New Delhi: Haryana IAS officer Ashok Khemka on Wednesday said that an independent probe monitored by the Punjab and Haryana High Court or the Supreme Court should be conducted into the alleged illegal land deals of Robert Vadra, the son-in-law of Congress President Sonia Gandhi.
In a debate with senior lawyer KTS Tulsi on CNN-IBN, Khemka insisted the deals were illegal under several acts and alleged the Rs 7.5 crore cheque in the deal was 'fictitious'. "Vadra and company might have fudged the balance sheet of Skylight Hospitality Pvt Ltd," he said.
Tusli, however, refuted the allegations and said "what Vadra did is a normal business practice. He carried out a valid sale deal".
While the IAS officer agreed that the acquisition might be legal, he alleged that the sale was a sham. "This is a classic case of benami transaction," he added.
Earlier in the day, CNN-IBN accessed documents that reveal that Congress President Sonia Gandhi's son-in-law Vadra did buy land from Omkareshwar properties using a 'fictitious' cheque.
Documents accessed by CNN-IBN show Khemka claimed in his response to a Haryana government inquiry report that Vadra, through his firm Skylight Hospitality, bought 3.5 acres land from Omkareshwar properties in February 2008 and in its filings with the government stated that money had been paid in full for the transaction.
This comes even as CNN-IBN has learnt that Skylight Hospitality did not have money to pay for the land in its accounts. Khemka in his report had said that the money was paid after receiving an advance from DLF, but that too through another one of Vadra's companies.
An amount of Rs 7.5 crore was claimed as paid by Vadra's Skylight Hospitality with the cheque number 607251 of Corporation Bank, New Delhi. CNN-IBN investigations reveal that the cheque did not belong to any bank account of the Skylight Hospitality.
On February 12, 2008, a sale deed was registered by the Haryana government for the sale of 3.5 acre of land from Omkareshwar properties to Skylight Hospitality Private Limited. Investigations reveal that the cheque did not belong to Skylight Hospitality but to another Vadra company - the Corporation Bank account of Skylight Realty.
Six months later, the payment of Rs 7.95 crore was finally made on August 9, 2008 through cheque number 978951 from the Corporation Bank account of Sky Light Hospitality to Omkareshwar. Khemka in his report says the money was paid after receiving an advance from DLF - which legal experts say is a 'benami transaction'.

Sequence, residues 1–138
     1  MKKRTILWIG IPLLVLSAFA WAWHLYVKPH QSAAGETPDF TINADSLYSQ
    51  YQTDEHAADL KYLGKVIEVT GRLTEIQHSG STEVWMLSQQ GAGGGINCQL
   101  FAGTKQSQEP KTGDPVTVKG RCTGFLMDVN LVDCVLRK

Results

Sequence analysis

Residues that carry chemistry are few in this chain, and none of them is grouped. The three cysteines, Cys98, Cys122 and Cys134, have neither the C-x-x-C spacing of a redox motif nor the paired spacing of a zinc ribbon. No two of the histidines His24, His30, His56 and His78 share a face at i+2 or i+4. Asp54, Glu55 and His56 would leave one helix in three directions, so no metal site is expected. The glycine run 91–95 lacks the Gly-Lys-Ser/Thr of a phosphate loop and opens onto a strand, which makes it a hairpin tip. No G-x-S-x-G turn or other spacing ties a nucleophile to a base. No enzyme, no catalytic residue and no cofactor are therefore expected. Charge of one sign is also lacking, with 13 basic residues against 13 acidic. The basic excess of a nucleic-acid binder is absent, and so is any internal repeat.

Corporation Bank, though, has denied giving Vadra a loan. "We don't have the documents on which the report has been placed. If we had given the loan to Mr Vadra, then there was no problem in admitting it. Probably the balance sheet which I have seen in the news report does not say that the Vadra company has taken the loan. There is some sort of confusion," Corporation Bank Chairman Ajay Kumar had said in October 2012.
There has been no statement from Vadra, but his lawyer Tulsi has said there is nothing benami about the deal. "In this case it can't be said to be a benami because there is no allegation that DLF provided for the funds at the time on the date of the sale deed. If the sale is valid and the cheque according to the sale deed itself is handed over and is not encashed is not presented perhaps, we do not know what the facts are, but if the cheque is not presented it doesn't amount to a fraud. The buyer has a right to receive the consideration and to encash the check within a month, within 2 months, within 6 months and ask for another cheque if its validity has expired, but it can't be a fraud," Tulsi said.
Earlier in an interview with CNN-IBN's Karan Thapar, Khemka had said, "The evidence is that he had only Rs 1 lakh in his account and against the Rs 1 lakh in the account, he could not have issued the cheque for Rs 7.5 crore and if the cheque was issued, if that were true, and if the transactions was at the arms length principal, then why wouldn't Omkareshwar Property deposit the cheque? Therefore, the word used was it is 'likely' that a fictitious cheque number was shown by the company."